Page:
Australia Zoo & Wildlife Warriors

Almost 17 years have passed since Steve Irwin was killed by a stingray while filming in the Great Barrier Reef, but not a day goes by when his daughter Bindi Irwin doesn’t think of him.

And, as she tells HELLO! during a moving exclusive to mark World Earth Day, she hopes he’s looking down upon her and would be proud of everything their family have achieved in honoring his legacy.

It’s hard to believe it’s been over 16 years since he passed away, the conservationist told us. In some ways, it still feels like yesterday that we were on our last crocodile research trip together as a family. I know in my heart that his love and enthusiasm will live on and that brings me great comfort.

With the same fighting spirit as her dad, Bindi has big dreams to change the world with kindness. We work hard to ensure Dad’s mission continues to grow, just like he wanted us to do.

We work hard to ensure Dad’s mission continues to grow, just like he wanted us to do. He always used to say, I don’t care if people remember me, I want everyone to remember my mission. Through our work both at Australia Zoo and Wildlife Warriors, conservation through exciting education is our ethos.

We support projects around the world protecting wildlife. In Africa we work with three organizations. The Black Mambas, an all female army trained anti poaching team working within the Greater Kruger National Park in South Africa.

Ol Pejeta Conservancy protects the critically endangered black rhinos with specially trained K-9 Units working alongside the rangers.

Cheetah Outreach’s Guarding Dog Program, where Anatolian Shepherd dogs are placed with herds of livestock, to deter predators, in particular saving cheetahs from being shot by farmers.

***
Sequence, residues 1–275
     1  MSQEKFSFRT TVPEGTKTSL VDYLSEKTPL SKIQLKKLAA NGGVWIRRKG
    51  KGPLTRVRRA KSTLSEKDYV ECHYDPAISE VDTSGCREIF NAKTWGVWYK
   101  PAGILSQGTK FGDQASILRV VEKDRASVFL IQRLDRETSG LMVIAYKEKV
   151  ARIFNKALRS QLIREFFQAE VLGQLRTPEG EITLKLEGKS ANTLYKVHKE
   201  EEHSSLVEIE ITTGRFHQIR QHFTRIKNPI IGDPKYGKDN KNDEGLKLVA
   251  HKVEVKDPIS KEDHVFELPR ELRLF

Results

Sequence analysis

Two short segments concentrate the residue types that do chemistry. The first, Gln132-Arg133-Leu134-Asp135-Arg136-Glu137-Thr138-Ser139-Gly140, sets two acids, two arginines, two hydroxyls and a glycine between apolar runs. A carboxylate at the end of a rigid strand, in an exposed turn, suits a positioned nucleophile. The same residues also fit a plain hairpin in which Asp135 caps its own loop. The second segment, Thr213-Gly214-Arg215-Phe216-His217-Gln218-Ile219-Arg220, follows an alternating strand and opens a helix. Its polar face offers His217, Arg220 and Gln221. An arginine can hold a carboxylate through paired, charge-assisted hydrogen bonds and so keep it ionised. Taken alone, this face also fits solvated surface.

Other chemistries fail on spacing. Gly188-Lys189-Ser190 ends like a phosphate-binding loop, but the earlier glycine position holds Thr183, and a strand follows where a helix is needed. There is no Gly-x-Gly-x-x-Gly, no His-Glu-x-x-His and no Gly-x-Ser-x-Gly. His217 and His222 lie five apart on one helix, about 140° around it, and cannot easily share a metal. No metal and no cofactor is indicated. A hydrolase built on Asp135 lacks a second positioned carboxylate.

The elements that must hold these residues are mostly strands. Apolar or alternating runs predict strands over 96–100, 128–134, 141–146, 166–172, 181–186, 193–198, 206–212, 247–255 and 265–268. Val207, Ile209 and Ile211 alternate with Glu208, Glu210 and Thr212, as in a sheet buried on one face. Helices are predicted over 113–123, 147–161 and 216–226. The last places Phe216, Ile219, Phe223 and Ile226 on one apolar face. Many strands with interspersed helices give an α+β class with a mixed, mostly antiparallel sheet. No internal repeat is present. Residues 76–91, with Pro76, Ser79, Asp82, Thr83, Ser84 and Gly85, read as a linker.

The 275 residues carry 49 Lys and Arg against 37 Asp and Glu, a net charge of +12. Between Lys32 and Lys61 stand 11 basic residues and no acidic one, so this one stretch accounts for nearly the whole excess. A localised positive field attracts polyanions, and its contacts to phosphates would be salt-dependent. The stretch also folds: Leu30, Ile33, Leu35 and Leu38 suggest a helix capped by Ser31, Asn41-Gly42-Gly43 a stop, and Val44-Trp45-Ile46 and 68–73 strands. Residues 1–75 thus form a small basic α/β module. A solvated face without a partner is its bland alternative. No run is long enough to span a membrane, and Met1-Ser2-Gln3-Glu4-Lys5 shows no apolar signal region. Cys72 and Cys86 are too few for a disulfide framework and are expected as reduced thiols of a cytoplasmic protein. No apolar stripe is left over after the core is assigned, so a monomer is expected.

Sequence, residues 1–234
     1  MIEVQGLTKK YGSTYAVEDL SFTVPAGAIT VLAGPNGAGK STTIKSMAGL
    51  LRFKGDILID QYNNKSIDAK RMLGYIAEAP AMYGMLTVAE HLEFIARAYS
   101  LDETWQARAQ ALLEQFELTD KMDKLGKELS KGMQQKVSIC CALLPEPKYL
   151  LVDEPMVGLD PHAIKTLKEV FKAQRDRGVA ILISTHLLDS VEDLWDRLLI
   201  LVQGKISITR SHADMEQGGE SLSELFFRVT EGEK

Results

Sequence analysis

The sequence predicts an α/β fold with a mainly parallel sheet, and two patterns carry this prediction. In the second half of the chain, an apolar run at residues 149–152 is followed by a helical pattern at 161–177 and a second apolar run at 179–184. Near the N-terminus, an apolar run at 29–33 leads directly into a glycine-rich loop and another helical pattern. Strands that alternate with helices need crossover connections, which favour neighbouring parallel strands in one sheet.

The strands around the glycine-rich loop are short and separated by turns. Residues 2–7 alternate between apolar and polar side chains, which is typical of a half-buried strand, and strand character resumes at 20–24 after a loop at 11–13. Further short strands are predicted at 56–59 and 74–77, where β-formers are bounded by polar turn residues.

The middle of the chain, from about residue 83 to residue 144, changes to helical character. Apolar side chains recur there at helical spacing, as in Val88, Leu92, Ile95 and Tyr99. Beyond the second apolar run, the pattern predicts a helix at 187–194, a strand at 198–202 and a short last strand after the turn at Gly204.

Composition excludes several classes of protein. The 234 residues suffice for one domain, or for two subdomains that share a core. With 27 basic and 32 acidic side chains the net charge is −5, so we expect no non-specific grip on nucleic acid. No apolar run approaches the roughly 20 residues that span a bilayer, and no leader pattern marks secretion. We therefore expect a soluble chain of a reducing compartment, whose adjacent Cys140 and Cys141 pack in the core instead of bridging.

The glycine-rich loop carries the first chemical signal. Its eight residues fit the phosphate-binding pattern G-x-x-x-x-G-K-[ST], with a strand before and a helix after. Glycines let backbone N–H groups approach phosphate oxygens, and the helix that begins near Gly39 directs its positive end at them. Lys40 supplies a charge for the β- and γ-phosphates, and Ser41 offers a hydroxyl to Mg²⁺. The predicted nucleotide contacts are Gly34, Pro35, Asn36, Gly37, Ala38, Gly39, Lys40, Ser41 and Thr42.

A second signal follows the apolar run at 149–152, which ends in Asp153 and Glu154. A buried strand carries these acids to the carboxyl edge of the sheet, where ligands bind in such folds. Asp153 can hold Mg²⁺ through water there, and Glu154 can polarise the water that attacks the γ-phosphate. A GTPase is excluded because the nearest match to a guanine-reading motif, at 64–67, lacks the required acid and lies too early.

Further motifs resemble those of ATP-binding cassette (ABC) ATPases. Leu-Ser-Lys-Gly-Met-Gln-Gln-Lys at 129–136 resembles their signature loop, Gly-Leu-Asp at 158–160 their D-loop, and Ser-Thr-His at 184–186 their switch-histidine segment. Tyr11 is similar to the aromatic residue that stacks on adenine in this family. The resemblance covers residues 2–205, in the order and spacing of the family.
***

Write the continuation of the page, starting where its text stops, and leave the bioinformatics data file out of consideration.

In Sumatra we have two very important projects with tigers and elephants. We help to employ 60 full-time forest rangers who patrol the jungle and dismantle illegal tiger snare traps. Through Australia Zoo we have built an enormous elephant hospital in Sumatra, to treat and care for elephants in need.

My mum grew up in Oregon, USA, so we support a brilliant wildlife organisation, Wildlife Images which has a hospital treating approximately 1,200 wild animals each year.

Here in Australia we have many projects. We support whale shark research alongside Ecocean, learning about this enormous and secretive species. We fund the largest crocodile research program in the world alongside The University of Queensland, using state-of-the-art acoustic and satellite trackers.

Our Australia Zoo Wildlife Hospital and Rescue Unit has treated over 120,000 patients and continues to expand utilising cutting edge medical treatments for the wildlife that comes into our care.

We also have three conservation properties within Australia which adds up to about half a million acres of pristine land, set aside for protection of native species.

We’ve treated over 120,000 animals. Our philosophy is ‘save one, save the species’. The goal with every animal brought into care is to give them the best chance at life in the wild once again. It’s humbling to know that with so many animals treated, we are helping to save entire species.

Personally, I believe we should treat every day like it’s World Earth Day. We only have this one beautiful, green planet and our very survival depends on us caring for it.